Wednesday, January 13, 2010

Within and Without

I found a reading chair yesterday for $15 at Salvation Army. After a ton of Lysol, a sheet to cover it, and some other small additions, I now have a functional, albeit work-in-progress reading corner. I christened it this morning...

In keeping my promise to Annie Dillard, I worked through another two chapters of her book, "Pilgrim at Tinker Creek," this morning. The second chapter I read was entitled "The Present," and the first portion called to me enough that I had to force myself to finish the chapter before my mind slipped into reflection.

I became conscious of this world almost 29 years ago. I may not remember it, but even the days I don't remember made me who I am today. Those 29 years now belong to this mythological entity we call "The Past." I've always been intrigued by history - particularly the parts of it that happened before I was born - because there's no way for me to REALLY know if it ever actually happened. Seeing as everybody has a different spin on historical events, I often can't help but think sometimes that we're all in "The Matrix," and this is just a big hoax.

In this chapter, Dillard alludes to how self-consciousness robs us of our capacity to experience the present. She's right again. Somewhere in my childhood or adolescence, I learned self-analysis and became self-conscious. I found such a fascinating query (my own brain) that I think I may have been (and am probably still) trapped in the stifling world of introspect since then, and in turn, cut off from the world around me. I've exchanged the real thing for some alternative reality I've imagined. And what have I really figured out? I still use less than 10% of my brain, and haven't really discovered anything that hasn't been discovered before.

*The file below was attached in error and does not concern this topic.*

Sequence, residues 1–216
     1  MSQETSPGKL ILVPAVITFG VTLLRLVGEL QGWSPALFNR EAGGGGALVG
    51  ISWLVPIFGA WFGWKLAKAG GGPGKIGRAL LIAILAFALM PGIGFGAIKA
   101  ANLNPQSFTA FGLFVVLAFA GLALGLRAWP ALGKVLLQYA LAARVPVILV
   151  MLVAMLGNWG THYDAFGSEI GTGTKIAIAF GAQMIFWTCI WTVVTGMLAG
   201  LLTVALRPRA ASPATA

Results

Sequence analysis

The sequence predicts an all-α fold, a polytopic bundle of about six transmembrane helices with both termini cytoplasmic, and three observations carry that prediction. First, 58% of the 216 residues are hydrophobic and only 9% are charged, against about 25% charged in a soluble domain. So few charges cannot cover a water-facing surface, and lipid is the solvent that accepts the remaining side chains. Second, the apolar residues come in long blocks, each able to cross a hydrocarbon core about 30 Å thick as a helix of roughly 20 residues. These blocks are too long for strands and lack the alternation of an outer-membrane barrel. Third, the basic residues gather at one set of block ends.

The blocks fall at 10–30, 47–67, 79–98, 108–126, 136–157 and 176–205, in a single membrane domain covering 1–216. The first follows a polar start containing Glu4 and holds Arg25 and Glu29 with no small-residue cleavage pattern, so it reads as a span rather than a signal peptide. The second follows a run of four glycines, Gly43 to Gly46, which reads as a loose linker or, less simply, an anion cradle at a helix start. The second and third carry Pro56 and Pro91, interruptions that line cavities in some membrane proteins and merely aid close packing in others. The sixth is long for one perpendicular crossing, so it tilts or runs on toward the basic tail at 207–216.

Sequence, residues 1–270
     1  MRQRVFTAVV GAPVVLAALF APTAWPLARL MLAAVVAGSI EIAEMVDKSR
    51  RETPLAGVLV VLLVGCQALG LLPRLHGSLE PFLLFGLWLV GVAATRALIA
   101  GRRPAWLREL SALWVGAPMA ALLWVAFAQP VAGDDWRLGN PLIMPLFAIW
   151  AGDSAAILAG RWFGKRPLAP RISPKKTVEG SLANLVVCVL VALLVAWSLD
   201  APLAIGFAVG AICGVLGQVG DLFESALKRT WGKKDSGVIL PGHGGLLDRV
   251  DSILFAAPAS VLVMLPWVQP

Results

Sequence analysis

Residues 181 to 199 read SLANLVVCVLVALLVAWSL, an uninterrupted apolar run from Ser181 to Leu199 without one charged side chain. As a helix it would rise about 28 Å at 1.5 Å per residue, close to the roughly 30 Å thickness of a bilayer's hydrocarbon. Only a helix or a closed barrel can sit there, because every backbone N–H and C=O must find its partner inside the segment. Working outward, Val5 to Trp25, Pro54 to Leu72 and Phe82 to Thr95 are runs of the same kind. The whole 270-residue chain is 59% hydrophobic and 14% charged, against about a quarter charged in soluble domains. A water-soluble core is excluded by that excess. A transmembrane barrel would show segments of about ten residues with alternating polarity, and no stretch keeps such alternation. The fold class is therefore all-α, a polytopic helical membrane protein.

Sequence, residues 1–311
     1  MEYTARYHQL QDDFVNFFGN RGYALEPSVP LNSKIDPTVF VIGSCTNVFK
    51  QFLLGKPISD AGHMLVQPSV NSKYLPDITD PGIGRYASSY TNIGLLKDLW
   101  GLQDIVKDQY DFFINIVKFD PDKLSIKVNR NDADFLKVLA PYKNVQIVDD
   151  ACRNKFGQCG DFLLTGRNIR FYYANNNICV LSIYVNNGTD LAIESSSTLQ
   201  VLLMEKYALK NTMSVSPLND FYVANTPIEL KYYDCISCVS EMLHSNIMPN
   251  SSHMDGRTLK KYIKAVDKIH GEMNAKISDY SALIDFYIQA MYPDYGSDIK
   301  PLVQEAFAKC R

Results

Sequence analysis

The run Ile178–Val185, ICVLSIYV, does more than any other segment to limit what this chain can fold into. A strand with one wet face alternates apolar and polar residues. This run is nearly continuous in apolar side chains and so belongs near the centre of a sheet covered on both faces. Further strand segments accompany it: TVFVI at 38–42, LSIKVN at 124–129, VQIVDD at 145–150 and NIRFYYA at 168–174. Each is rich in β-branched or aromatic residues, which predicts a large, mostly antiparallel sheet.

I realized this morning in my readings that I'm not sure I have ever really believed the world existed/will exist outside of MY existence. (i.e. when I'm born, the world is born with me...when I die, it dies with me.) I hate that.

Now, this doesn't stem from me thinking the world revolves around me (though I'm hardly exempt from such shallow thought). It stems from the fact that I've been so very wrapped up in solving the Rubik's cube in my head that I've forgotten the world exists outside of it.

I like Dillard's artistic, yet logical take on the world. The nature of the Scientific thought process is sort of a trapping process where we catch, classify, categorize and compartmentalize. The world is so vast and alive, however, that trying to do this is like trying to catch every ounce of the fire hydrant's spray with little glass vials. In essence, one could argue that Science tries to harness this beast of a universe and confine it to a box that we can's like trying to find the end of infinity. In Dillard's artistic process, the goal seems to be exploring the wonders of the world simply to appreciate its literally expands before our eyes, and we grow to love infinity.

Now, please don't hear me downing Science here. I love Science, and it's so very important. Along with helping us be good stewards of our habitat, the understanding that Science provides makes it possible for us to appreciate this world's greatness in ways otherwise inconceivable. I think this is why nerdy scientists are so lovable, because every day they learn new ways to love the world. I like Dillard's thought process because I've spent so much time in the Scientific process that I've forgotten to appreciate the world and its essence, I've forgotten to live. What's the point of spending all of this time trying to understand if it doesn't ultimately drive us to appreciate and enjoy the world around us. I know, it's cliche, but that doesn't negate its truth. The question I'm wondering about now is: How can these two processes work in conjunction?

It seems I've got a very quickly growing list of resolutions for 2010, but this is one thing I'd really like to work on. I'd like to shift my gaze to without rather than within.


  1. You have been quite the "go-getter" this 2010 - Look at you!!! I love your reading corner.

  2. One of the most mind-altering things I've read in the last decade is the "Simulation Argument":

    Are You Living In a Computer Simulation?

    It could explain a lot...